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Leviathan or Median-Voter: Who Runs City Hall?


  • Rexford E. Santerre

    (Bentley College)


This study examines the effect of interjurisdictional competition and city age, as a proxy for special interest group activities, on the size of city government. Unlike previous studies on the Leviathan theory, the empirical analysis is well grounded in a median-voter model. The empirical results find mixed support for a Leviathan in city hall. On the one hand, city expenditures are found to be higher rather than lower with more intense competition. On the other hand, longer periods of democratic stability, measured by uninterrupted years of incorporation as a city, are associated with increased public expenditures, as a Leviathan-type model predicts.

Suggested Citation

  • Rexford E. Santerre, 1991. "Leviathan or Median-Voter: Who Runs City Hall?," Eastern Economic Journal, Eastern Economic Association, vol. 17(1), pages 5-14, Jan-Mar.
  • Handle: RePEc:eej:eeconj:v:17:y:1991:i:1:p:5-14

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    References listed on IDEAS

    1. Randall W. Eberts & Timothy J. Gronberg, 1988. "Can competition among local governments constrain government spending?," Economic Review, Federal Reserve Bank of Cleveland, issue Q I, pages 2-9.
    2. Bergstrom, Theodore C & Goodman, Robert P, 1973. "Private Demands for Public Goods," American Economic Review, American Economic Association, vol. 63(3), pages 280-296, June.
    3. Nelson, Michael A, 1987. "Searching for Leviathan: Comment and Extension," American Economic Review, American Economic Association, vol. 77(1), pages 198-204, March.
    4. Borcherding, Thomas E & Deacon, Robert T, 1972. "The Demand for the Services of Non-Federal Governments," American Economic Review, American Economic Association, vol. 62(5), pages 891-901, December.
    5. Oates, Wallace E, 1985. "Searching for Leviathan: An Empirical Study," American Economic Review, American Economic Association, vol. 75(4), pages 748-757, September.
    6. Romer, Thomas & Rosenthal, Howard, 1979. "The elusive median voter," Journal of Public Economics, Elsevier, vol. 12(2), pages 143-170, October.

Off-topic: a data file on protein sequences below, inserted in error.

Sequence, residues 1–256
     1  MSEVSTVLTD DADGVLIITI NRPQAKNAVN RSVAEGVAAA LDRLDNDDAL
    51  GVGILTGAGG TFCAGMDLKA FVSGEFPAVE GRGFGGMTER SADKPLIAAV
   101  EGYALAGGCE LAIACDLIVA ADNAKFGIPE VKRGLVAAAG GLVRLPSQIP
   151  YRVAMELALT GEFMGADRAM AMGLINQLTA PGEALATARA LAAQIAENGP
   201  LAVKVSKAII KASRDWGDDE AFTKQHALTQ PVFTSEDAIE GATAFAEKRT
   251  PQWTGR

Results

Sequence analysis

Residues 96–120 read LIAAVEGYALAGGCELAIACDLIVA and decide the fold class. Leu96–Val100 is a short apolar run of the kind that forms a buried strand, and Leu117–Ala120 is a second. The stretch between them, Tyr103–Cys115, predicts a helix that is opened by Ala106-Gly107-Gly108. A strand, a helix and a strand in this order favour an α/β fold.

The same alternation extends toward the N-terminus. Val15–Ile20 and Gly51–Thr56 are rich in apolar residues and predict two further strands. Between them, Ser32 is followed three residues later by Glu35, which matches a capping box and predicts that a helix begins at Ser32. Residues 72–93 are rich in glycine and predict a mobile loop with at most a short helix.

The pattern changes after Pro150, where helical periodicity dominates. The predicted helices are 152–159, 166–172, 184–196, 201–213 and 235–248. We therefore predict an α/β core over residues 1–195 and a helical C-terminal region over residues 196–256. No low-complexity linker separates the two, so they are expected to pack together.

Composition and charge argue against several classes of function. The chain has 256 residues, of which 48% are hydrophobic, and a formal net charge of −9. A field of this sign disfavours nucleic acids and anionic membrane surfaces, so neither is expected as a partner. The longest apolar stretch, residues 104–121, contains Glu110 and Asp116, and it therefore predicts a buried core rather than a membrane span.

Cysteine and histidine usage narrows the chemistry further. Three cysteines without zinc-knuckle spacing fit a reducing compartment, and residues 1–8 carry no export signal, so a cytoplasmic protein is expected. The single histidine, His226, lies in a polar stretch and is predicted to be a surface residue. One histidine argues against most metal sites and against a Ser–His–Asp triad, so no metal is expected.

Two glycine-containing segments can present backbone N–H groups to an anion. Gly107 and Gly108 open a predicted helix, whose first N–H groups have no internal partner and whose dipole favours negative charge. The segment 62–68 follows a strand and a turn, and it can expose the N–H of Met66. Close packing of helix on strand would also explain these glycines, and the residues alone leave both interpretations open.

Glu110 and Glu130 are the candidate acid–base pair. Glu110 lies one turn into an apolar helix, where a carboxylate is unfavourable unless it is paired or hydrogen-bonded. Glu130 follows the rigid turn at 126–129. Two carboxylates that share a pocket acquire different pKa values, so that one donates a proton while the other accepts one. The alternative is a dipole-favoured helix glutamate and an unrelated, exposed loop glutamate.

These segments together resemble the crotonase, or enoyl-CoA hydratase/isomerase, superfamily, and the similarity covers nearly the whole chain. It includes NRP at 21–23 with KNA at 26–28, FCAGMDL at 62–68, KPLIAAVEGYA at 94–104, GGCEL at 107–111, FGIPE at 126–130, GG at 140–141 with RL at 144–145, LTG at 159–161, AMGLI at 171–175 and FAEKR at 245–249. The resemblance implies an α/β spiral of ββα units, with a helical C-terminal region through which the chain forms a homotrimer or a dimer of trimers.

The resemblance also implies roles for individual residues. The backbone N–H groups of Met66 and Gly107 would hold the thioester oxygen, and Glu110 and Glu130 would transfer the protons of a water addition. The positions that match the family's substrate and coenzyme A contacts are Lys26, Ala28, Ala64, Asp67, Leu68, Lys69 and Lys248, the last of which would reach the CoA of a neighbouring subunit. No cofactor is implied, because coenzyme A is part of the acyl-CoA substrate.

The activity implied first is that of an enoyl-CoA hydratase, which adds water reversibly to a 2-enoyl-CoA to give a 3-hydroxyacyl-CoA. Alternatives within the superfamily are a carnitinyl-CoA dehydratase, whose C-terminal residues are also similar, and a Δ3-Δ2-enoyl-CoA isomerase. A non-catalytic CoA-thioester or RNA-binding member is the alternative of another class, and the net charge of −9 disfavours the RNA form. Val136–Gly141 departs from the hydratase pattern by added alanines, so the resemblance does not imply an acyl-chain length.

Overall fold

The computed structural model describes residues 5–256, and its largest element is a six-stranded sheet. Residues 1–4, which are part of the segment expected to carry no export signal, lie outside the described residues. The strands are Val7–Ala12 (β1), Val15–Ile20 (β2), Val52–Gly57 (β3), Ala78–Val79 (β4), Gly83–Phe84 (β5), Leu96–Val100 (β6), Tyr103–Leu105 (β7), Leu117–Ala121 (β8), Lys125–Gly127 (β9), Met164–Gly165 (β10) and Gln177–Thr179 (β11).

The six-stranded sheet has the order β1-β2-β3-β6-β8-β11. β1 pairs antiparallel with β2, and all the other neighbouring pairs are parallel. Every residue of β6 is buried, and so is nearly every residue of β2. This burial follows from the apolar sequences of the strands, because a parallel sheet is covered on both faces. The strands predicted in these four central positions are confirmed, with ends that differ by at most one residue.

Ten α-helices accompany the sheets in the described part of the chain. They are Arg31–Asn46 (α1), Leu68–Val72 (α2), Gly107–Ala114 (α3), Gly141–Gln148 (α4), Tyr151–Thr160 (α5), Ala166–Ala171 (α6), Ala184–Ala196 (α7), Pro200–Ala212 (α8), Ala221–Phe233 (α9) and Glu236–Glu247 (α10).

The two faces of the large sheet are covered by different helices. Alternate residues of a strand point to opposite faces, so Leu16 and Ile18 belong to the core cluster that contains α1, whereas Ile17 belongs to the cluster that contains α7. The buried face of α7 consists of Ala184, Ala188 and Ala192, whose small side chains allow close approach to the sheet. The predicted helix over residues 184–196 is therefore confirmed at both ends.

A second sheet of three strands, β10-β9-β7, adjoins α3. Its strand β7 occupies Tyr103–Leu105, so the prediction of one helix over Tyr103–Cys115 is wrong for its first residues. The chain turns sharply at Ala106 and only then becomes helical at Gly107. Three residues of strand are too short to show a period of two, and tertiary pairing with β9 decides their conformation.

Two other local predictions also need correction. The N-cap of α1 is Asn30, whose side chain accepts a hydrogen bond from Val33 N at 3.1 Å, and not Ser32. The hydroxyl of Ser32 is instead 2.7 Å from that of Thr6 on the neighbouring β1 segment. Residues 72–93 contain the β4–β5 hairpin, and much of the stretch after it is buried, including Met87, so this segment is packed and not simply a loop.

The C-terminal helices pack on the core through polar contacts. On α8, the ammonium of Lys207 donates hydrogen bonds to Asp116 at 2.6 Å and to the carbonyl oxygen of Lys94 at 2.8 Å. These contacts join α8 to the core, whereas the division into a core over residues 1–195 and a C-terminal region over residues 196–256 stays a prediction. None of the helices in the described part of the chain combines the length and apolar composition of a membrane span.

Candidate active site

7. Zax, Jeffrey S, 1989. "Is There a Leviathan in Your Neighborhood?," American Economic Review, American Economic Association, vol. 79(3), pages 560-567, June.
    8. Dennis Mueller & Peter Murrell, 1986. "Interest groups and the size of government," Public Choice, Springer, vol. 48(2), pages 125-145, January.
    9. Charles M. Tiebout, 1956. "A Pure Theory of Local Expenditures," Journal of Political Economy, University of Chicago Press, vol. 64, pages 416-416.
    10. Forbes, Kevin F & Zampelli, Ernest M, 1989. "Is Leviathan a Mythical Beast?," American Economic Review, American Economic Association, vol. 79(3), pages 568-577, June.
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    Cited by:

    1. Fox, William F. & Gurley, Tami, 2006. "Will consolidation improve sub-national governments ?," Policy Research Working Paper Series 3913, The World Bank.
    2. Laurie Bates & Rexford Santerre, 2006. "Leviathan in the Crosshairs," Public Choice, Springer, vol. 127(1), pages 133-145, April.
    3. Patonov Nikolay Andonov, 2013. "Searching for A Restraint on the European Leviathan," Scientific Annals of Economics and Business, De Gruyter Open, vol. 60(2), pages 1-16, December.

    More about this item


    Government; Interest Group; Voter;

    JEL classification:

    • D72 - Microeconomics - - Analysis of Collective Decision-Making - - - Political Processes: Rent-seeking, Lobbying, Elections, Legislatures, and Voting Behavior
    • D73 - Microeconomics - - Analysis of Collective Decision-Making - - - Bureaucracy; Administrative Processes in Public Organizations; Corruption


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